──Could you tell us from when you felt that you couldn’t spend your life as it was before?

Since I had entered Jo Gakkou, we didn’t have many classes. English class was abolished. The things I did were rice planting and harvesting of soldiers’ fields. I got trained to use bamboo as a spear though I didn’t feel any risk to my life.

──At that time, I heard that the Japanese media kept broadcasting how Japan was winning. How did you feel about that?

I never dreamed Japan would be defeated in the war. I believed in Japan’s victory because nobody around me passed away.
After the war ended, I went back to Yoshida where my parents lived. I felt I finally got liberty.

──When you worked at the factory, what kind of people were your leaders?

Please look at the letter over there. (There was a letter on the table in her house.) The letter from “Kinnya Hokotate”. He was a lieutenant general and was ranked upper class. I think he may have been from Kagoshima Prefecture. After the war ended, food was in short supply, so my grandfather sent various kinds of food and alcohol to him. That was the letter in his return. The stamp said “December Showa 26,(1951)”.


Life During War

──At that time, how did you get food and what sort of food did you have?

I had millet, such as “Awa”, ”Hie”, wheat, and sweet potato. The navy factory was better served than others a little, so I was able to have appropriate amounts of food.
Well, the following story is my daily life of that time. In the morning, I go to the factory and sing martial music. Around 8:00 a.m., each of us goes to our individual workplaces and begins to work. Around 5:00 p.m., I go back to my dormitory. There were 5 or 6 people in the same room. We have a meal together at the dining room and go back to our room to sleep. All of the people were in the same generation and came here from far and wide in Hiroshima, so we talked about many things together. We were young so we made a lot of noise. There wasn’t a television in the dormitory. We had less fun because of that.

──Could you tell us how you felt about His Imperial Majesty, the military, and America?

I didn’t have a good image of America.
After the war ended, I got scared of Occupation Troops at first, but when I saw them for real, I didn’t feel scared of them as I had imagined I would have been.
When the members of the Occupation Troops came to my house, I remembered my older sister talked with them using her basic English. I wondered what kind of things they talked about at that time.

──Your family members were safe and you spent your life better than others’ states, but had you ever felt someone begrudged you?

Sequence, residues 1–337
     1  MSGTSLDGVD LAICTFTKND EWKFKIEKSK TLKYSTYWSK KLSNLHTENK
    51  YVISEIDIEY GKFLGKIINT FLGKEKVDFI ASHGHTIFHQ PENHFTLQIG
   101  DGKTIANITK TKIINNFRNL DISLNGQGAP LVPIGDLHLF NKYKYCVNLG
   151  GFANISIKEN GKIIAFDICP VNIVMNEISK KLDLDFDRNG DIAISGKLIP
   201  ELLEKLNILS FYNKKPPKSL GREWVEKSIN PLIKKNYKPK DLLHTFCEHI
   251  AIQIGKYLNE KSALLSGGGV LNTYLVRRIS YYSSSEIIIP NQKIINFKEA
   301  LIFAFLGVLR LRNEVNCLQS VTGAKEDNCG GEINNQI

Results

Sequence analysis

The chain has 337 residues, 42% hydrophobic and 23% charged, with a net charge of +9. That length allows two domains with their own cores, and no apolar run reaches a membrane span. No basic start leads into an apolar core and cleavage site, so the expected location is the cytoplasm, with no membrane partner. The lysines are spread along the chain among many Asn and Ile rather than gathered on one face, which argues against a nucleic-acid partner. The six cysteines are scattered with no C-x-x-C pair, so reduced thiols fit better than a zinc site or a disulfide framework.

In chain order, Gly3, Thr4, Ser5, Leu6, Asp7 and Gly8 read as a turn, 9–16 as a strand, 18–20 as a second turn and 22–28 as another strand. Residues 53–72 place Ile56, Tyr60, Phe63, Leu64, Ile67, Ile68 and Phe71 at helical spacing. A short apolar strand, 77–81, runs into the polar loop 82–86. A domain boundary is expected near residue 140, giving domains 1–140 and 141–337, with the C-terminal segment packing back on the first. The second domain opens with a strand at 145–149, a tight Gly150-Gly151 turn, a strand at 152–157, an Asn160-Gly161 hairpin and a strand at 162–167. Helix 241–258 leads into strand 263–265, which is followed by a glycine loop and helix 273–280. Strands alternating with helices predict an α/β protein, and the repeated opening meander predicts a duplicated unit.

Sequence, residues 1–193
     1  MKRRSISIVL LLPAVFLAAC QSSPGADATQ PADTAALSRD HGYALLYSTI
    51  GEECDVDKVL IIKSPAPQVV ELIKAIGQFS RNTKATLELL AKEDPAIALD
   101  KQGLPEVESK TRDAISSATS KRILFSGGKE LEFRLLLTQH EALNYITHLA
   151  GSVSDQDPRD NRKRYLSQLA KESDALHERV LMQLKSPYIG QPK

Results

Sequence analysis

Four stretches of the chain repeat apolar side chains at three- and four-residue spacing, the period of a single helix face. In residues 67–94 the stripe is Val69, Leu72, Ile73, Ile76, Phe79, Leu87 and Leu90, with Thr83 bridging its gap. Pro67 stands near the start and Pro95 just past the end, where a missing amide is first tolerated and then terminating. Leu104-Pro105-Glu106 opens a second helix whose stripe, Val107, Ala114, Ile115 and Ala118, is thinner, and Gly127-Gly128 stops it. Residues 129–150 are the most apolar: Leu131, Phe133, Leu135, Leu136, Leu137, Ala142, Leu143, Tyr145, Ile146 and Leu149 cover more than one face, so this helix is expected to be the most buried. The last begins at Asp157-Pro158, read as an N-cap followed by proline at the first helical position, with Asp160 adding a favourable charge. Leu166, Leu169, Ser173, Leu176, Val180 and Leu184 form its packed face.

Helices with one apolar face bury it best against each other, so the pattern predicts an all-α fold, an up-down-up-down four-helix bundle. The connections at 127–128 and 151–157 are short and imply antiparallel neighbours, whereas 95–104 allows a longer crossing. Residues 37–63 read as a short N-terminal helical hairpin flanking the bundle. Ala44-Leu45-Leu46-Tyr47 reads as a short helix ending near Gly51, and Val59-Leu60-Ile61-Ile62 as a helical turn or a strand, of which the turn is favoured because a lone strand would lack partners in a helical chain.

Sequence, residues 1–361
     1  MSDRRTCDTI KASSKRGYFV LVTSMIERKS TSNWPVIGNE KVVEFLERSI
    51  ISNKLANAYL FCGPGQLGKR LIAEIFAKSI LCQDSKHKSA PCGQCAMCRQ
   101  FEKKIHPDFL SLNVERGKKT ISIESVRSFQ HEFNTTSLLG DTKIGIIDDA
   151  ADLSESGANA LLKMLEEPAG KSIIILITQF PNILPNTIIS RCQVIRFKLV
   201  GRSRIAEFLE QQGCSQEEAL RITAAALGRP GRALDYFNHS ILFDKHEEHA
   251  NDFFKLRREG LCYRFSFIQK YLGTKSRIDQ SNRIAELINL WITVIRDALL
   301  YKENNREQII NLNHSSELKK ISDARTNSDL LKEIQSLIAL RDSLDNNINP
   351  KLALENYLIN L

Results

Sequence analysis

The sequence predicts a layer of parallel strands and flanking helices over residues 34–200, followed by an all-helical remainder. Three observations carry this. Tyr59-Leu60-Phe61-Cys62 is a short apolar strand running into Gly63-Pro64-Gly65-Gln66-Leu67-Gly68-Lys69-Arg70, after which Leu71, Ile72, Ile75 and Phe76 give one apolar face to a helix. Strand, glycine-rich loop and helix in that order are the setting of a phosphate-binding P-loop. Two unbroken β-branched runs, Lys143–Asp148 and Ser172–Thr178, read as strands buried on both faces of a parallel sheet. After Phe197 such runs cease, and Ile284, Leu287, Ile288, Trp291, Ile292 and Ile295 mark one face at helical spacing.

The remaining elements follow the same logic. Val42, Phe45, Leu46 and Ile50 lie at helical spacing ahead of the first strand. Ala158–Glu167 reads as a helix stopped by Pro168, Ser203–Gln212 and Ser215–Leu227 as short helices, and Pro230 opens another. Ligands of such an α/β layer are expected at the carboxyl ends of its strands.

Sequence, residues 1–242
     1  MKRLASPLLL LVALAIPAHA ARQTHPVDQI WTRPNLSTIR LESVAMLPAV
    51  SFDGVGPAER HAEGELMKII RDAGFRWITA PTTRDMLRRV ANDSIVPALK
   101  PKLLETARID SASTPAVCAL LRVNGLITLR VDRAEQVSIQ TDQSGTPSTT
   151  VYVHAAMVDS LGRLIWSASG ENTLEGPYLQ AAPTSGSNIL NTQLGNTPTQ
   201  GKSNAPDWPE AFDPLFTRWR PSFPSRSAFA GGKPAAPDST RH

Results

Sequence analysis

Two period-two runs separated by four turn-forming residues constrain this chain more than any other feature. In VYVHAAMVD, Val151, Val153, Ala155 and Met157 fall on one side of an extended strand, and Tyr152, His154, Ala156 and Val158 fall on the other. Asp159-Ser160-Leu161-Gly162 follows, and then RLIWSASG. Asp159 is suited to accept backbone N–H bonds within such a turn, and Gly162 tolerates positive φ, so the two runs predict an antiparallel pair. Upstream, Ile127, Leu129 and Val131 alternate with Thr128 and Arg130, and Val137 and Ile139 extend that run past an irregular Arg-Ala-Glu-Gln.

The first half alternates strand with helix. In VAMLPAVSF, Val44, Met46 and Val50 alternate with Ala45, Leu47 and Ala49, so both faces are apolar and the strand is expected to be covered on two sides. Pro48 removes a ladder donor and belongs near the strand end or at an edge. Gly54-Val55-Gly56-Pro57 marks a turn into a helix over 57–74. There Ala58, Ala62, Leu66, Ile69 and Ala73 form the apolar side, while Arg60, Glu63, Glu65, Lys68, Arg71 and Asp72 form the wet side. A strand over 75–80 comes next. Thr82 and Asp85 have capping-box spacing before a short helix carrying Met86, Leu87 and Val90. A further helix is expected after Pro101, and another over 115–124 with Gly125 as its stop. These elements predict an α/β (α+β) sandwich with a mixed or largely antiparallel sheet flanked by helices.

I don’t think I felt those kind of things. However, our fields were deprived. (That is known as “Land Reform”. One of the main objectives is to reduce the gap between land owners and peasantry. As one of the procedures of the law, the floor space of the fields which each person owns was limited.) The space for each family remained, but there are rice fields, mountains, and so on which we owned, right?The peasantry took them over. Therefore, we became poor.

──You lived in Iwakuni for a period of time but you have been in Kure City since you came back here, right?

Yes, I got married when I was 23 years old. I lived near “Kaigan Dori” for a while and came back here. Around the end of the war, our family ran a business around Kaigan Dori, but there weren’t appropriate work spaces, so we moved here. “Nakamoto Honntenn”, which is a shop of the family I married into has produced and sold beverages such as lemon soda, and coffee. We began to produce Japanese pickles and Tsukudani around Showa 26 (1951). We continue to run this business slowly today.

──From now, I don’t think war will take place soon from now on in Japan but I worry that the number of people who seem to be indifferent to it are increasing. How do you feel about it?

Past things gradually fade from people’s awareness I think. We live prosperously now here in Japan and feel no inconvenience as we live our life these days.
I don’t want war any more.
In battlefields, many young people passed away, right? I don’t want my children and grandchildren to experience such a terrible thing. There are many wars occurring around the world, and I can’t understand why they don’t try to get along with each other. I feel sad.
I hope peace continues forever.

(Interviewer:Yohei Hayakawa, Writer:Akiko Ogawa, Translator: Yoshino Wakamatsu)